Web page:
The farmers do not want industry to discharge effluents into the river. They want them to treat, reuse and recycle the effluents. The court has upheld this plea, directing "the treated water may not flow into the Bandi river". This is not an isolated instance. We have found at least three more court decisions insisting on "zero discharge or complete recovery and reuse of water discharged from factories". One is in a town neighbouring Pali itself, called Balotra, where a similar case was fought and won. The second is in the famous textile town of Tiruppur, in Tamil Nadu, where affected farmers took the issue to court which directed, in no uncertain terms, that no treated water would be discharged into the river. The third is in the industrial town of Ludhiana, in Punjab, where the court has issued notices that "all electroplating, textile dying and bleaching units have to set up individual or collective treatment plants to achieve zero-discharge".

The question now is to determine the next step in this pollution ladder, and if that, at all, leads to results. The fact is re-use technologies like reverse osmosis are expensive, they need high quality water as their input and, most importantly, leave behind a high amount of ‘reject’, which then has to be disposed off, somehow. In Tiruppur, the government is currently coming up with bizarre proposals to deal with the tedious reject problem. But the quest continues.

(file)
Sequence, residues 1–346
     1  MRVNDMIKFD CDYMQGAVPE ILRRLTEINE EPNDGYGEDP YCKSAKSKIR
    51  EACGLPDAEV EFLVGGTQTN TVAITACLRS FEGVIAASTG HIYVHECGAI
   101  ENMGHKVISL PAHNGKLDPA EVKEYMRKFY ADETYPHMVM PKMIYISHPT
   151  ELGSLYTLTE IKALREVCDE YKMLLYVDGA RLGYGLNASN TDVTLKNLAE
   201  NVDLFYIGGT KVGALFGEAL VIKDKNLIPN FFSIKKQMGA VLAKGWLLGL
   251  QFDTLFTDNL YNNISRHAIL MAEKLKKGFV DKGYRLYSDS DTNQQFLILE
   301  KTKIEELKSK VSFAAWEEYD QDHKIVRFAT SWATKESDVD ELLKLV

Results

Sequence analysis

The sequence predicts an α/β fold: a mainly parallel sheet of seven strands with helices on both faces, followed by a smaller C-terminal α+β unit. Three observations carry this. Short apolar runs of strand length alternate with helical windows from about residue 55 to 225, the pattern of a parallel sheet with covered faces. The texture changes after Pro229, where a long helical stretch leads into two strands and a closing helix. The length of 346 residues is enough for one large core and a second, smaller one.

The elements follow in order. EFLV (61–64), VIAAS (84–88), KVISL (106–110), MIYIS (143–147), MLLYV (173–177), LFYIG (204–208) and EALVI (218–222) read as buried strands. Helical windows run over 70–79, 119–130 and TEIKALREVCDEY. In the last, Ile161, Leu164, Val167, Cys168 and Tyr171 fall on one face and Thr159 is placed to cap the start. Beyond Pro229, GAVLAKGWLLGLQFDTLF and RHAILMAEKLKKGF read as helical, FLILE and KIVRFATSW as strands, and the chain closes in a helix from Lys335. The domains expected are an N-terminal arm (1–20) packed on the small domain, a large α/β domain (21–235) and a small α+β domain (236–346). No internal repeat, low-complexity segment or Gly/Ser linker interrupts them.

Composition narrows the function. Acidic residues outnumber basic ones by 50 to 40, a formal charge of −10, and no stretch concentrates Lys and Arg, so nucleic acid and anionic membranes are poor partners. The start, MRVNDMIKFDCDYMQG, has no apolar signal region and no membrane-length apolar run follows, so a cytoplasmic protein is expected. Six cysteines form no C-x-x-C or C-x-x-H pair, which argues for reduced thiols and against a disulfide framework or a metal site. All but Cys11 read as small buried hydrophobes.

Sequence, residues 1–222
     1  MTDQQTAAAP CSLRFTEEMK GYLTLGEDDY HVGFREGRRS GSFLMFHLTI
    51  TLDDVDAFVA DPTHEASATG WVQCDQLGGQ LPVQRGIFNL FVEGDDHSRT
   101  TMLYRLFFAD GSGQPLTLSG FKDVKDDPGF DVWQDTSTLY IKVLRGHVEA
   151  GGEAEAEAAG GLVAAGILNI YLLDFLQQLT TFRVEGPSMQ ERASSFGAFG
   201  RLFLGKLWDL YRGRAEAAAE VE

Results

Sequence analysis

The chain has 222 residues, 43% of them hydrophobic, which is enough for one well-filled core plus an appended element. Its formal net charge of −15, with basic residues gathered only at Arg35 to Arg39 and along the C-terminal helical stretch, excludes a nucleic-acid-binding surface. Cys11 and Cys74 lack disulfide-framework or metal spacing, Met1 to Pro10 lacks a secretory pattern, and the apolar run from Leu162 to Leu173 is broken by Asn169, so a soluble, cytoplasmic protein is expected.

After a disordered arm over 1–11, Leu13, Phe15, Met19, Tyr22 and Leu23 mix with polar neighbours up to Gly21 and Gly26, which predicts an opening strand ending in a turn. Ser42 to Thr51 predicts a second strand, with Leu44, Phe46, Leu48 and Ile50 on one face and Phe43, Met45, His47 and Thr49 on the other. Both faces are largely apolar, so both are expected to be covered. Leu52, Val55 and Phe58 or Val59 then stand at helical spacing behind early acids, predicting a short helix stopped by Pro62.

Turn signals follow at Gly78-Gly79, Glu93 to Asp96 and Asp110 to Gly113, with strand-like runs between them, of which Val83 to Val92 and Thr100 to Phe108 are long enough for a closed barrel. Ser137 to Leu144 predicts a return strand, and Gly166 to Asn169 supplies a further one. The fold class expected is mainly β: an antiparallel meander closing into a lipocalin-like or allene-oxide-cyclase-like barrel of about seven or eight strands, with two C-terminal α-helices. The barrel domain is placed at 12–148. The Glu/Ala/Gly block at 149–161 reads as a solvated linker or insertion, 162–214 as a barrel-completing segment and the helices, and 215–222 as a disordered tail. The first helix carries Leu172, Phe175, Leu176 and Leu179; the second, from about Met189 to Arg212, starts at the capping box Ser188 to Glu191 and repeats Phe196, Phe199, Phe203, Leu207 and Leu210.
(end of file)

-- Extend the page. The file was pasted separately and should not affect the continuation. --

The fact is that, today, public pressure is driving industry and government to innovate, faster than they would like, to find solutions. Also, we have not even scratched the surface in finding appropriate and cost-effective technology solutions that will fit our size.

But let me not rush that way. The search is on. The farmers of Pali, Balotra, Tiruppur, and other pollution warriors, will ensure we get answers.

— Down to Earth features


Moving pictures: Harrowing tales of housemaids (
Lebanese filmmaker Dima Al-Joundi’s documentary, “Bonne … Vendre/Maid for Sale,” about the plight of Sri Lankan domestic workers in Lebanon, will be screened by Courrier International in Paris next month.